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Engineered to SellEuropean Émigrés and the Making of Consumer Capitalism$
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Jan L. Logemann

Print publication date: 2019

Print ISBN-13: 9780226660011

Published to Chicago Scholarship Online: September 2020

DOI: 10.7208/chicago/9780226660295.001.0001

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“Streamlining Everything”: Design, Market Research, and the Postwar “American” World of Goods

“Streamlining Everything”: Design, Market Research, and the Postwar “American” World of Goods

Chapter:
(p.193) Seven “Streamlining Everything”: Design, Market Research, and the Postwar “American” World of Goods
Source:
Engineered to Sell
Author(s):

Jan L. Logemann

Publisher:
University of Chicago Press
DOI:10.7208/chicago/9780226660295.003.0010

In their quest for perpetual innovation, postwar design professionals took an engineering approach to their creative work, mirroring the notion of “creative research” invoked by research consultants such as Dichter and Politz. This chapter traces the emergence of increasingly integrative conceptions of consumer design focusing on the examples of two prominent design consultancies headed by European immigrants. Raymond Loewy’s design studio was one of the leading consulting firms of mid-twentieth century; its service portfolio signified like few others the pervasiveness of industrial design efforts after the war. Based on the West coast, the design firm of Walter Landor was both smaller and initially more focused on the food and beverage industry, making it an ideal case study for the postwar development of package design and the rise of the supermarket as the premier retail environment. Both Landor and Loewy shared a focus on research-driven design and both championed more integrative design approaches centered on brand and corporate identities.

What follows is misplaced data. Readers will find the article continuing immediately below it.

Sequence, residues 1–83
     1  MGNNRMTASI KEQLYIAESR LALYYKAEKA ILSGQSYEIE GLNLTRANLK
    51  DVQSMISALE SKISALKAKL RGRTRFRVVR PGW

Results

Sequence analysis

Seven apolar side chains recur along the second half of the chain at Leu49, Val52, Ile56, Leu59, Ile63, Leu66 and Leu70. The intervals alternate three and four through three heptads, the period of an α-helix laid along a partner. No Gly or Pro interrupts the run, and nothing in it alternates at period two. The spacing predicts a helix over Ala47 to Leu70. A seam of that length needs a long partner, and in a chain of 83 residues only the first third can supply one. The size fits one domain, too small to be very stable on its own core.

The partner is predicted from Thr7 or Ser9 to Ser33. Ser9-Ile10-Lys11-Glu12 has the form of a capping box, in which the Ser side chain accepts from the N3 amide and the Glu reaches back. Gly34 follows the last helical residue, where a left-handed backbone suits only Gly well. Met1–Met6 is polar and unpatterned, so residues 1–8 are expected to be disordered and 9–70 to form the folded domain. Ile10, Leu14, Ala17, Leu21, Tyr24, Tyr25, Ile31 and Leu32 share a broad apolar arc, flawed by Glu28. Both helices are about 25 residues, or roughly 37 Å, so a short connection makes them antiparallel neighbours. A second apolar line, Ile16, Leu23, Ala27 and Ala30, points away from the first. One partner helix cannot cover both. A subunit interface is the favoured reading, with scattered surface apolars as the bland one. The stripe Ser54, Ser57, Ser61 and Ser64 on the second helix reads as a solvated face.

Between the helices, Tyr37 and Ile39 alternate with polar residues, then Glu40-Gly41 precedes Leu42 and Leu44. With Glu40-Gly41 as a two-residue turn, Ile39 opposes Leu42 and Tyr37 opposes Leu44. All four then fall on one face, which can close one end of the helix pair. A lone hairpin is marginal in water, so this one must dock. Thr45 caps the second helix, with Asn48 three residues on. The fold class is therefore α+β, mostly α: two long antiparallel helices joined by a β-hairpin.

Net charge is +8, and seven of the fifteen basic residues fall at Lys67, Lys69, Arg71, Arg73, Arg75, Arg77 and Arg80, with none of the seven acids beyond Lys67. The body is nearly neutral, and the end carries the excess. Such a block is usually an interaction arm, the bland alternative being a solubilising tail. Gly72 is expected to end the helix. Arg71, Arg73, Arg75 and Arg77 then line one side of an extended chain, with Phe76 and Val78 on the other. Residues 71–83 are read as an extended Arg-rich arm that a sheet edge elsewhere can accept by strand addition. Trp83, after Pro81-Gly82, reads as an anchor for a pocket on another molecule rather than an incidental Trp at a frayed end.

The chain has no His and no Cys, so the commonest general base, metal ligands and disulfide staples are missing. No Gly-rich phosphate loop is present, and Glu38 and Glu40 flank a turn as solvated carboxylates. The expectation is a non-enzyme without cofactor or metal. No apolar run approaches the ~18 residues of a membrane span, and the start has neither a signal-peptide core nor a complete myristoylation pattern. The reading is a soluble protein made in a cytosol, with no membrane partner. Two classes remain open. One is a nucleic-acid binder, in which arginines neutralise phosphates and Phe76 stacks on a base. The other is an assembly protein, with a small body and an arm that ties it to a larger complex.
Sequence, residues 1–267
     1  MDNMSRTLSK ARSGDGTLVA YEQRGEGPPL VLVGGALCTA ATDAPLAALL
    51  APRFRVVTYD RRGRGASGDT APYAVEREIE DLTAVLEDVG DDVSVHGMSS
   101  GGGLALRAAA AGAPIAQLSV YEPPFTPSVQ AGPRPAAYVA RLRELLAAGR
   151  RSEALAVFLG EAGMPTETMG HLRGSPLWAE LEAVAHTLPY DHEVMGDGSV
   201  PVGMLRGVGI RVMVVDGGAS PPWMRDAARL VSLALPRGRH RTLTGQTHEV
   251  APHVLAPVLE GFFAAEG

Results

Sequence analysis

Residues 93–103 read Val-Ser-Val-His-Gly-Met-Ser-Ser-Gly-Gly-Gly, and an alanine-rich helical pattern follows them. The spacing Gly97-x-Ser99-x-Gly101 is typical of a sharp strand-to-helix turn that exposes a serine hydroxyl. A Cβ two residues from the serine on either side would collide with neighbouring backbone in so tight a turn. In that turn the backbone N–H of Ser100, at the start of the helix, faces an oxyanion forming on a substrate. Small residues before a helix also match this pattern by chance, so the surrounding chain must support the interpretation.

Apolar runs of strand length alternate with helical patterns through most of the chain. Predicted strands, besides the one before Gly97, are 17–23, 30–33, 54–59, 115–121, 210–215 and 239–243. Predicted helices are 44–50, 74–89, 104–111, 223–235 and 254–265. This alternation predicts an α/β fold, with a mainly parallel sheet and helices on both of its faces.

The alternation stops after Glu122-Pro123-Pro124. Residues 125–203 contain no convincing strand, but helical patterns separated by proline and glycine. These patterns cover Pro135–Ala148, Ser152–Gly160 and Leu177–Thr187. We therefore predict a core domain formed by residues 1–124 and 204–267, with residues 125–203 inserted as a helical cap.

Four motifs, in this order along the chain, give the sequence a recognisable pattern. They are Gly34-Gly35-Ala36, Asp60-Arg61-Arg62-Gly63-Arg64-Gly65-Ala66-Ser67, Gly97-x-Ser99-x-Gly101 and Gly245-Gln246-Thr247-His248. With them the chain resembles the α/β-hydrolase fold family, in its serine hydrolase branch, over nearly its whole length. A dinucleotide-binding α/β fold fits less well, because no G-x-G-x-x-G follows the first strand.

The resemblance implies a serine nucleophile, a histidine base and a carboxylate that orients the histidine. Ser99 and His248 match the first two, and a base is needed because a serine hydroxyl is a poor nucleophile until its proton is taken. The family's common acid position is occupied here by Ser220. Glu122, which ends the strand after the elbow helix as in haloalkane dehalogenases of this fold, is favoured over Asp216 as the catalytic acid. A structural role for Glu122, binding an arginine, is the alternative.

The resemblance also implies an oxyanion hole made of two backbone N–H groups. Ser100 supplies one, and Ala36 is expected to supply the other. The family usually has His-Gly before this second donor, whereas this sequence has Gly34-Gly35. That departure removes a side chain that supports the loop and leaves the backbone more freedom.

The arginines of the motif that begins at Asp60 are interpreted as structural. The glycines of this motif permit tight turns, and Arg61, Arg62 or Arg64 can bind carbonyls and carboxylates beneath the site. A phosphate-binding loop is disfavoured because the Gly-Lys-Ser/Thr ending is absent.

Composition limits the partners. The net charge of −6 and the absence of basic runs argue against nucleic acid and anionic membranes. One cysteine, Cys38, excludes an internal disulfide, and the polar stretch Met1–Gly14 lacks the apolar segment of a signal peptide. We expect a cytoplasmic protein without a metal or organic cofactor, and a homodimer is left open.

Keywords:   History of Design Studios, Researched Design, Raymond Loewy, Product and Brand identites, Walter Landor

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